Don’t be so sure that bank profitability heralds anything positive about the economy. Lending is still anemic, the deal economy is slouching toward NoMoreAh and the profits are coming because government backing makes nearly free money available to banks.
In a column in the Financial Times yesterday, Harvard Professor Kenneth Rogoff explains:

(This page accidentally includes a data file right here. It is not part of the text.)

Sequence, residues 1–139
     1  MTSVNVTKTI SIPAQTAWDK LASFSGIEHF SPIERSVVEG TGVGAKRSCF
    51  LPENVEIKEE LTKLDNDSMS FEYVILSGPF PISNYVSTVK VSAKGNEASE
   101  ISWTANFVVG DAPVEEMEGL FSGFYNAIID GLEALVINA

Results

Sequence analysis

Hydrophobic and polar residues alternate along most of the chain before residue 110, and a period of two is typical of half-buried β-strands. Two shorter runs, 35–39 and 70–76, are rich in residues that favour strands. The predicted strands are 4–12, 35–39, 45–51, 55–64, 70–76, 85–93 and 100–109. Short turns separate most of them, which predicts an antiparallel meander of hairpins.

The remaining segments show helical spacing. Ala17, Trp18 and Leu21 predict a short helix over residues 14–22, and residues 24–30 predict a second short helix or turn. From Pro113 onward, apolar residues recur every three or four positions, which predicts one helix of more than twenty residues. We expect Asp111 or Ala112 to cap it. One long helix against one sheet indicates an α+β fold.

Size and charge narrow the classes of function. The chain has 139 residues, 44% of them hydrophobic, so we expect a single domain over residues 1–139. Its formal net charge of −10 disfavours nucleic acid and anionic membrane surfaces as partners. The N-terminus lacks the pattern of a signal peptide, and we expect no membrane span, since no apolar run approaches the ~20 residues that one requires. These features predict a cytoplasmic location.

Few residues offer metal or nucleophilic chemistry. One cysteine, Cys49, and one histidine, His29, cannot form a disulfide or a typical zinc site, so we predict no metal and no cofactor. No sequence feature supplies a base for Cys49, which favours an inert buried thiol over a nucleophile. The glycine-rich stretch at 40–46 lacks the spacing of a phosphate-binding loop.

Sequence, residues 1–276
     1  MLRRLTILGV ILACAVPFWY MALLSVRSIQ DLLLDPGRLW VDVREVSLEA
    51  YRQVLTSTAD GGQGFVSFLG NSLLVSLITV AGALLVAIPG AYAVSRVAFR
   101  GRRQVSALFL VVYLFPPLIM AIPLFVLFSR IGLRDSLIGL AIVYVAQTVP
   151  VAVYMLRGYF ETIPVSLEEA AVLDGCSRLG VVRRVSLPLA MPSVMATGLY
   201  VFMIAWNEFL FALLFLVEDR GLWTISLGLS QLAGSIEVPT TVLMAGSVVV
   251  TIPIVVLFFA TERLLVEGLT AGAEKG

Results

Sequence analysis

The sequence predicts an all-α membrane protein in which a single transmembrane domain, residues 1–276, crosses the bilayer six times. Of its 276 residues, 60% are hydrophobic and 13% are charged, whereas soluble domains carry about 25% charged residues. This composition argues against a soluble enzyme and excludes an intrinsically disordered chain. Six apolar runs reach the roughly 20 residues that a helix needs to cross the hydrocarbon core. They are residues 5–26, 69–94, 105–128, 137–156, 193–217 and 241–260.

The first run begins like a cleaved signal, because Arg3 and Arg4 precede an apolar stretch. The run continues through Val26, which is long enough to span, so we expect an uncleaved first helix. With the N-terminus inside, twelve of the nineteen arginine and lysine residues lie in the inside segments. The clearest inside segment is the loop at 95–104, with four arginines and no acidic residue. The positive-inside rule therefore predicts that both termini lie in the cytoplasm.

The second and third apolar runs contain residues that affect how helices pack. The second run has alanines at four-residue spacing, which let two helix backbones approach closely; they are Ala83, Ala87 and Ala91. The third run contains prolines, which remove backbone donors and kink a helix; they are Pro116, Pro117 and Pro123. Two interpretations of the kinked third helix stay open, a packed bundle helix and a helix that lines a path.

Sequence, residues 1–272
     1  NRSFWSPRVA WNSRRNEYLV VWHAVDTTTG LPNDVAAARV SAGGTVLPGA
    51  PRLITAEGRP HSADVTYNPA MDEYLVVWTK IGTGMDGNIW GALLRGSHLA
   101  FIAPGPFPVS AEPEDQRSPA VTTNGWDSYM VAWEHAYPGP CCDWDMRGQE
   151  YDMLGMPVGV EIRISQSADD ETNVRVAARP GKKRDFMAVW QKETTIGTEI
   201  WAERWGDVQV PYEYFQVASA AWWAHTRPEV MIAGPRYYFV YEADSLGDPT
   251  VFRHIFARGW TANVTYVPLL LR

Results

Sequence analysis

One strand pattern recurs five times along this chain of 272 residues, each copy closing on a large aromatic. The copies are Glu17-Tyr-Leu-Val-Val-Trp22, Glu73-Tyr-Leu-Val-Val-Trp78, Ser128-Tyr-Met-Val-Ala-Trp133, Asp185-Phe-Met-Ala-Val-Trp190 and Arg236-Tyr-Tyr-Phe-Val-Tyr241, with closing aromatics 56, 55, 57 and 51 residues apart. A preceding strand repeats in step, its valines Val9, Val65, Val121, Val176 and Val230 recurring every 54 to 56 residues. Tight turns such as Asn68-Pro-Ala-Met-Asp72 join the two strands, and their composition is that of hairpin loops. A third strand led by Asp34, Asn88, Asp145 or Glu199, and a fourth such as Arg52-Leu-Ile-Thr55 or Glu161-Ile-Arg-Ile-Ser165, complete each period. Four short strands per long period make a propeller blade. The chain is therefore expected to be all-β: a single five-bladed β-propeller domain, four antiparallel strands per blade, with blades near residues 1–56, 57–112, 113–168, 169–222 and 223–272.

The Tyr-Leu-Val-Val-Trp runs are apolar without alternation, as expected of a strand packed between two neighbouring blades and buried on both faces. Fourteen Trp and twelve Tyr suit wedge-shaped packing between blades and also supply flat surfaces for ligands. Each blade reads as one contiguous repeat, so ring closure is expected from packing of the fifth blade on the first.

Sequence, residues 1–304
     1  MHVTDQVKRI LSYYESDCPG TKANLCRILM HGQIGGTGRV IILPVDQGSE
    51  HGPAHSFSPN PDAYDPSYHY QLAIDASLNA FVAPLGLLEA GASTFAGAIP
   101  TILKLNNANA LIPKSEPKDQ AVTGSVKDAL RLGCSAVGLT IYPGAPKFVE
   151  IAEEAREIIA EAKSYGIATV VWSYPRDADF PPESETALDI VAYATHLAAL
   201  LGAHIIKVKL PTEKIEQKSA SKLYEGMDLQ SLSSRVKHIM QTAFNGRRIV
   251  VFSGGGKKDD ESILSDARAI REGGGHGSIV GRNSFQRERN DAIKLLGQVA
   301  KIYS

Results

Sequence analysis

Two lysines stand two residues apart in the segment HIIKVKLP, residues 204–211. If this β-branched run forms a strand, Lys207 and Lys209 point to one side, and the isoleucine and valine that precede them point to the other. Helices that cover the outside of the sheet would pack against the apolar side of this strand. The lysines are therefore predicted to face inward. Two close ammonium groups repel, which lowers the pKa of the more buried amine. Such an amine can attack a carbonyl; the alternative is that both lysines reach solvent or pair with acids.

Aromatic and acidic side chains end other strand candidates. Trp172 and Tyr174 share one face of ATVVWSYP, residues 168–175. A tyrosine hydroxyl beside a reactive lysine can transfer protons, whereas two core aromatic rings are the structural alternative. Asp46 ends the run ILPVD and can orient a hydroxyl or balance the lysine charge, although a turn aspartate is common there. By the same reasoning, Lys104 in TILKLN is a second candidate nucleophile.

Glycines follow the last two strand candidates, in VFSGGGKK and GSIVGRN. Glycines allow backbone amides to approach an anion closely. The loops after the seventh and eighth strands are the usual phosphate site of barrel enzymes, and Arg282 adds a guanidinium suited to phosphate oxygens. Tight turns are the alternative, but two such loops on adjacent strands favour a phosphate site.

…it is dangerous to point to the nascent restoration of profits in the financial sector as clear evidence of a corresponding benefit to the economy. There is an element of arbitrage, as banks borrow at low rates against the implicit guarantee of a government bail-out in the event of a crisis. Do people really believe, as some argue, that moral hazard is a non-issue? Why should large systemically critical financial institutions be allowed to heavily leverage themselves with short-term borrowing? What would be lost if regulators placed stricter capital requirements to discourage arbitrage activities that excessively expose too-big-to-fail banks to systemic risk? Certainly economists have models of why it can be efficient for lenders to keep borrowers on a short leash. Yet these models do not explain why the leash has to be wrapped around borrowers’ necks three dozen times, as in the case of a highly leveraged bank.
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